Ijex Morogoyehe, the Jaguar shaman
Photo courtesy M. Plotkin


Mark Plotkin, Ph.D.
Excerpt from Tales of a Shaman's Apprentice
Viking Penguin Books, N.Y., 1993. p1-2.

I had followed the old shaman through the jungle for three days and, over the course of our trek, we had developed an enigmatic relationship. The medicine man obviously resented my desire to learn the secrets of the forest plants that he knew and used for healing purposes. Still, he seemed pleased that I had come from so far away -- he called me the pananakiri ("the alien") -- to acquire the botanical wisdom that the children of his tribe had no interest in learning.

I did not yet speak his language; an Indian from a neighboring tribe served as our translator. At the end of the third day, the old shaman turned to the other Indian and said, "Tell the pananakiri that I have taught him all that I am going to teach him. Tomorrow I am going hunting." I had no objections; there were other shamans in the village with whom I wished to work, and I returned to my hut with the medicinal plants I had collected.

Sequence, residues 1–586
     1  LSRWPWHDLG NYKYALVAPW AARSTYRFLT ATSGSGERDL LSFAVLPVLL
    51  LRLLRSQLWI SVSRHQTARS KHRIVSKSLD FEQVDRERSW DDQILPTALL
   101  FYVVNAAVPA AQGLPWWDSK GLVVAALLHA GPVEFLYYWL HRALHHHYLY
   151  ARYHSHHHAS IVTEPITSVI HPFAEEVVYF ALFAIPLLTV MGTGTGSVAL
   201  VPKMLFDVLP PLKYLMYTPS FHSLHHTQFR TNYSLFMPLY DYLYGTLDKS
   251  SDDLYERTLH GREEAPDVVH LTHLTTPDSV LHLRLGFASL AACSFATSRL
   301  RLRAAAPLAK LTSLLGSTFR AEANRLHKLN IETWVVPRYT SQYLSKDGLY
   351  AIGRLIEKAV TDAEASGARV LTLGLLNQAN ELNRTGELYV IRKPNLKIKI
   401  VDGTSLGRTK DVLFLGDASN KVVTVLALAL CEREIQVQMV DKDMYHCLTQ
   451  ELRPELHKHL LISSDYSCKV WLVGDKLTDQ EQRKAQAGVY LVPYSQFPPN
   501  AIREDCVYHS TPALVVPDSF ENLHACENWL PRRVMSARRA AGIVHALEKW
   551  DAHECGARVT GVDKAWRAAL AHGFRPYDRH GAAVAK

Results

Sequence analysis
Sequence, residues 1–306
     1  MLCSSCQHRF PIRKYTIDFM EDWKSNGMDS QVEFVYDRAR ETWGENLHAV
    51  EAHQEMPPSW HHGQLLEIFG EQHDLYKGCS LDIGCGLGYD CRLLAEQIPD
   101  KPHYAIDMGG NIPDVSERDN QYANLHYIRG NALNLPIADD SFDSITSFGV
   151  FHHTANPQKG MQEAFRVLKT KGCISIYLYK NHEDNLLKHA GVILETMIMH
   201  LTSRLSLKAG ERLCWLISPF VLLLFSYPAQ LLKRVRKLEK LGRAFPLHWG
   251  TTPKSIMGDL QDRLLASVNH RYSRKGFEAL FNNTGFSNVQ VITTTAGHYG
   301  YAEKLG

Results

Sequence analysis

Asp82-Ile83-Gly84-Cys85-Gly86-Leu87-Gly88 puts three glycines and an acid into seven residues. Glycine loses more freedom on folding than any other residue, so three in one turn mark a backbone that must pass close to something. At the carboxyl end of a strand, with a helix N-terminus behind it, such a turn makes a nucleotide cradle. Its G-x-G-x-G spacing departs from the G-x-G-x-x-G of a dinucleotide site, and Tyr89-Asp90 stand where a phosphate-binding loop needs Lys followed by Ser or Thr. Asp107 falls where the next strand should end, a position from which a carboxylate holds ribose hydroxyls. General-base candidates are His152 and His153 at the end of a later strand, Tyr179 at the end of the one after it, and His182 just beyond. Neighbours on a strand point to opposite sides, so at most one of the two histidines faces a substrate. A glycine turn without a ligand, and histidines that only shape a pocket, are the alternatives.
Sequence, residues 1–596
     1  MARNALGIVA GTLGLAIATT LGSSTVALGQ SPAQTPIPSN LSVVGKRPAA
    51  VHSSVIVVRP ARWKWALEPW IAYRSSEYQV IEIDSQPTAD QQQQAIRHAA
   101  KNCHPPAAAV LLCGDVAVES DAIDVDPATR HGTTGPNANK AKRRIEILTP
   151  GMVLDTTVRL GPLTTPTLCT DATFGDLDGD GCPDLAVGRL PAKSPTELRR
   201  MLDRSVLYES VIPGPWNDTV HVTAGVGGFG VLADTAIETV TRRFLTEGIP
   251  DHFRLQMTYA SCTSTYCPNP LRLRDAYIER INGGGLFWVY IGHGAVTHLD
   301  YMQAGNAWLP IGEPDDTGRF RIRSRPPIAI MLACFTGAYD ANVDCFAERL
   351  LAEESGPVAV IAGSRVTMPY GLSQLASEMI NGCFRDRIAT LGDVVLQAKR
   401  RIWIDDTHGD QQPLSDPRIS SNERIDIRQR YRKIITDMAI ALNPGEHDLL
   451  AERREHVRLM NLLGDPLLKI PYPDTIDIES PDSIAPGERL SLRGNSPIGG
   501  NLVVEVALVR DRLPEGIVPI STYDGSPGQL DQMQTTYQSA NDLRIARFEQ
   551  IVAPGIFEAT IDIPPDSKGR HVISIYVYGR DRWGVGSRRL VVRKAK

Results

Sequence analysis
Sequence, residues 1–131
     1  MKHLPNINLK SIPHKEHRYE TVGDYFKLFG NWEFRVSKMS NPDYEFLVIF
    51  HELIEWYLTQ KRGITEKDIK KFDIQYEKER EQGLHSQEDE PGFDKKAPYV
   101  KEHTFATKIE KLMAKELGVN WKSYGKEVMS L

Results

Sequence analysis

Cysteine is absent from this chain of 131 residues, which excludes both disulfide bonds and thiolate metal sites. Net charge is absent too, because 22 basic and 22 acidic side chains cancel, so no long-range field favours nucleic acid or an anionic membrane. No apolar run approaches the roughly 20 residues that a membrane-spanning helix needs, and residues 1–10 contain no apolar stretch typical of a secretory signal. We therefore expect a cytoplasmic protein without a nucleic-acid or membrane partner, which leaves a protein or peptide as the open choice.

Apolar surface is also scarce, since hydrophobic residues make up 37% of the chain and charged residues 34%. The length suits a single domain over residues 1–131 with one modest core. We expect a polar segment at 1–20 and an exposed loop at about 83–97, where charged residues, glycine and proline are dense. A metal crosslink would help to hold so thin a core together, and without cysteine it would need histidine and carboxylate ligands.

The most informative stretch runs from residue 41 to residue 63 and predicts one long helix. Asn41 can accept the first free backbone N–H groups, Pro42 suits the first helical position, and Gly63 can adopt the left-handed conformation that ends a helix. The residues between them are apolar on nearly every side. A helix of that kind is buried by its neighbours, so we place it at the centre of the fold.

That night, I had a terrifying dream. An enormous jaguar strode into my hut and stared deeply into my eyes, as if trying to divine my thoughts. Powerful muscles tensed in its back as it arched its body to spring.

So vivid was the apparition that I awoke with a scream. I sat upright in my hammock, trembling, my body soaked in a cold sweat. Carefully, I looked around the hut: I saw nothing -- no footprints on the dirt floor, nothing disturbed or overturned, nothing to indicate the presence of an unwanted visitor. The only sound was the rustling of palm fronds as a gentle breeze blew through the village.

The next morning, just after sunrise, the young Indian who had served as our translator came to my hut. "Shall we go into the forest and look for more plants?" he asked. "Before we do," I said, "find the old shaman and tell him that last night I saw the jaguar." I gave no details, and the Indian left. He returned a few minutes later. "Did you tell him?" I asked. "Yes." "What did he say?" I asked. "He broke into a big smile and said, 'That was me!"

Ethnobotany Index | Back to Article

Return to the Resource Center

Search | Home